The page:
Dark matter and dark energy are more directly motivated by observations of the real world. Dark matter is apparently needed to account for the gravitational effects that seem to come from parts of space where no ordinary matter is visible, or not enough to produce that much of a tug. For example, rotating galaxies seem to have some additional source of gravitational attraction, beyond the visible stars and gas, that stops them from flying apart. The ‘lensing’ effect by which distant astrophysical objects get distorted by the gravitational warping of spacetime seems also to demand an invisible form of matter. But dark matter does not ‘exist’ in the usual sense, in that it has not been seen, nor are there theories that can convincingly explain or demand its existence. Dark energy too is a kind of ‘stuff’ required to explain the acceleration of the universe’s expansion, something discovered by astronomers observing far-away objects in the mid-1990s. But it is just a name for a puzzle, without even a hint of any direct detection.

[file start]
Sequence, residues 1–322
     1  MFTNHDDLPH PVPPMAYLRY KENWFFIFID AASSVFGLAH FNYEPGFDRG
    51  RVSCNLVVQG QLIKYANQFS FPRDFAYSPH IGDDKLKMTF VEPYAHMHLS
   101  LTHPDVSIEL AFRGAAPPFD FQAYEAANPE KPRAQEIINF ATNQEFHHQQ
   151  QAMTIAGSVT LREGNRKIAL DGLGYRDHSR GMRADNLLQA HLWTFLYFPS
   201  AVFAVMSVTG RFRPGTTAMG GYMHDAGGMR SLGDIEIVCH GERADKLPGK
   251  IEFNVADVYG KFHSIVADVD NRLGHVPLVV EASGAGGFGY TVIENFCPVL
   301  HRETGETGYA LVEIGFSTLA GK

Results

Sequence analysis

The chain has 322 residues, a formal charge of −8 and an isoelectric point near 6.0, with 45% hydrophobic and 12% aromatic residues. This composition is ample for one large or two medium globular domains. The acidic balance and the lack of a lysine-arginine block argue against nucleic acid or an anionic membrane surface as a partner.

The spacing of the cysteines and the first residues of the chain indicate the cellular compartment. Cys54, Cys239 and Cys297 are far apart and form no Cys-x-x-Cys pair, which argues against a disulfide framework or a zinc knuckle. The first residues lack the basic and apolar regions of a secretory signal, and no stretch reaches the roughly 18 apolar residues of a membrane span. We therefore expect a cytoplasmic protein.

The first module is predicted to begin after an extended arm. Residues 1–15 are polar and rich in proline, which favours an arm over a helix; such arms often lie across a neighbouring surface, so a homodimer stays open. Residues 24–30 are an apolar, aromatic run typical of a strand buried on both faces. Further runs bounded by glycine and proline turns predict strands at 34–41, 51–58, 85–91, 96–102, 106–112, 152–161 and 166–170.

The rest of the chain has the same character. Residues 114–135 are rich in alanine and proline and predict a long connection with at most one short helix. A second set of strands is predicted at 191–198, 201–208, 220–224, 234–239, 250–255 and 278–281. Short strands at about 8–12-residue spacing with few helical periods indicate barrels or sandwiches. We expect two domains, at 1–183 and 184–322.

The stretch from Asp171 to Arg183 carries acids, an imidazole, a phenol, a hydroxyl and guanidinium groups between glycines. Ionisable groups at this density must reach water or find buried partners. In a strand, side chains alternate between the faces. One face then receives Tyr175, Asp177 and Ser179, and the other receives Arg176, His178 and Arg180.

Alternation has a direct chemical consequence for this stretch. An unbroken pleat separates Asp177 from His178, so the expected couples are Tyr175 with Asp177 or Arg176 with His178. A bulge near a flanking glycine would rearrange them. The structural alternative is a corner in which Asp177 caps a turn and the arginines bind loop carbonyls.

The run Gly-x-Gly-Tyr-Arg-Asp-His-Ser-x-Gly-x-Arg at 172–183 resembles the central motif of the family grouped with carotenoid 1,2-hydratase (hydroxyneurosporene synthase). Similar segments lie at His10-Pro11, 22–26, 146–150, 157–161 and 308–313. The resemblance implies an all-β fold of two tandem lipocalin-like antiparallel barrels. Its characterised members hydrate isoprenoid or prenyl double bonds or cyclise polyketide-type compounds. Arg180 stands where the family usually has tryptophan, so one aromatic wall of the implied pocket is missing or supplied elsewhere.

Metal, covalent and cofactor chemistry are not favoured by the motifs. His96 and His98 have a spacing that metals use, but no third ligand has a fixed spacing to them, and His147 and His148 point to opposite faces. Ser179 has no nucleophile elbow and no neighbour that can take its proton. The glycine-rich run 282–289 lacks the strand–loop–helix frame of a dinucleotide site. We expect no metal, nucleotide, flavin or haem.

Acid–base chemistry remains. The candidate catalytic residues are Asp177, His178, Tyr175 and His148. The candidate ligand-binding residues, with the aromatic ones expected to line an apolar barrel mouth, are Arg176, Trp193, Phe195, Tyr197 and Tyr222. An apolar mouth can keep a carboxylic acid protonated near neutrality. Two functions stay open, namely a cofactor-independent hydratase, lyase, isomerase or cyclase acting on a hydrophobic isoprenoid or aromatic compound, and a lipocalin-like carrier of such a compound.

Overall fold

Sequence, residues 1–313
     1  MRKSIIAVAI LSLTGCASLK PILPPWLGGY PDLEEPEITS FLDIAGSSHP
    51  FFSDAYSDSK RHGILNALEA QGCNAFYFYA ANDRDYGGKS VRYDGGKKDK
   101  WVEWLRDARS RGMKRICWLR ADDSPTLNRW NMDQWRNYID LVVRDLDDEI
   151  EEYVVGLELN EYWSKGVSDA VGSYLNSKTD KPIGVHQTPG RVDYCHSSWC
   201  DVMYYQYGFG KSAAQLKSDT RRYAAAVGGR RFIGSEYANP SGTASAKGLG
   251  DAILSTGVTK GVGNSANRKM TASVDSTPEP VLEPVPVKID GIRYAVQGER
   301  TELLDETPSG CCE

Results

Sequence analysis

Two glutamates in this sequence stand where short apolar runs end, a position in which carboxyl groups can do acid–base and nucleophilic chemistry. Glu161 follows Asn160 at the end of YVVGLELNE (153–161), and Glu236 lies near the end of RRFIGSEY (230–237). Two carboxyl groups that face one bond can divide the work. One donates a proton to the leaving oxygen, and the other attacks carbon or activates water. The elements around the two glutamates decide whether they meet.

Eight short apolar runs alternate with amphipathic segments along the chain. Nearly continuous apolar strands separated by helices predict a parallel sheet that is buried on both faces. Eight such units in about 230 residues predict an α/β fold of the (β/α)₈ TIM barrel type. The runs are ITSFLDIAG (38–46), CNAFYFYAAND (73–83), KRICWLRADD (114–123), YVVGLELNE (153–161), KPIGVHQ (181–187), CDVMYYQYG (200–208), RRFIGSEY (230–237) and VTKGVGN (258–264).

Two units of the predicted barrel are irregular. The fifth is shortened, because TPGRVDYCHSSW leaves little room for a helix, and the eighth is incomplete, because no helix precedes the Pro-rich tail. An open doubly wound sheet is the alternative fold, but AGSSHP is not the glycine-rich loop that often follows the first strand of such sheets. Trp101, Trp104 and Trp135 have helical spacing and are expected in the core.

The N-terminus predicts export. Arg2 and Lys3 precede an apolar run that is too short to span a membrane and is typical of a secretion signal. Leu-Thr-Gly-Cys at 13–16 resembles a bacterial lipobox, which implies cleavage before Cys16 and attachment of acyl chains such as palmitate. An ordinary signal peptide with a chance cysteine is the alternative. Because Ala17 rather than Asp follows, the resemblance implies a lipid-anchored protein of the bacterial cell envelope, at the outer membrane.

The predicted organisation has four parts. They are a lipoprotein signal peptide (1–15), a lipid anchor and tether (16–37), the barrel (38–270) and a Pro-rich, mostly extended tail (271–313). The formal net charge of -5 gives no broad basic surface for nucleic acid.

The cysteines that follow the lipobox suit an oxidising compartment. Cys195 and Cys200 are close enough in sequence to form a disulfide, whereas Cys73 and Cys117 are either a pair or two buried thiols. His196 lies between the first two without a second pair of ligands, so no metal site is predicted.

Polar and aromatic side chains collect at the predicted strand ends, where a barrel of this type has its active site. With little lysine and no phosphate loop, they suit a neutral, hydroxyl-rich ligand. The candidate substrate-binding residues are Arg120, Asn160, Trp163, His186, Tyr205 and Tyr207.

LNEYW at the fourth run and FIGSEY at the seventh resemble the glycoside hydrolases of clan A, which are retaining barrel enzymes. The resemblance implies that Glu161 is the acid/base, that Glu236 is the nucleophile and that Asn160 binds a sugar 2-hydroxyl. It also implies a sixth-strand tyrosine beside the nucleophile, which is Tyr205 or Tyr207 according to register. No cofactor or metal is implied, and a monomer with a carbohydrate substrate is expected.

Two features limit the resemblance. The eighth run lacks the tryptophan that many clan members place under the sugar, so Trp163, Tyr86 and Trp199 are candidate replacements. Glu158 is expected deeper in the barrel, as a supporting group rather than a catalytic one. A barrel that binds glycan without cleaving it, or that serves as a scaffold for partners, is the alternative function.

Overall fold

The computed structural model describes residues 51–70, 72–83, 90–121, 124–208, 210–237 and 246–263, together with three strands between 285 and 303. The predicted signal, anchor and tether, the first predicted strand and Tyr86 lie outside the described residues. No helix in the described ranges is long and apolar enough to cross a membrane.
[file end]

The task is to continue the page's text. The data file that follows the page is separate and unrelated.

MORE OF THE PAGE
It is fitting and instructive that both of these terms seem to come from the age of William Crookes, whose investigations with gas discharge tubes led him to report a mysterious region inside the tubes called the ‘dark space’, which he explained by invoking his radiant matter. It turned out that there was no such thing as radiant matter; the effects that led Crookes to propose it were instead caused by invisible ‘cathode rays’, shown in 1898 to be streams of subatomic particles called electrons. It seems quite possible that dark energy, and perhaps dark matter too, will turn out to be not exactly ‘stuff’ but symptoms of some hitherto unknown physical principle. These connections were exquisitely intuited by Philip Pullman in the His Dark Materials trilogy, where (the title alone gives a clue) a mysterious substance called Dust is an amalgam of dark matter and Barrett’s quasi-sentient psychomeres, given a spiritual interpretation by the scientist-priests of Pullman’s alternative steampunk Oxford University who sense its presence using instruments evidently based on Crookes’ radiometer.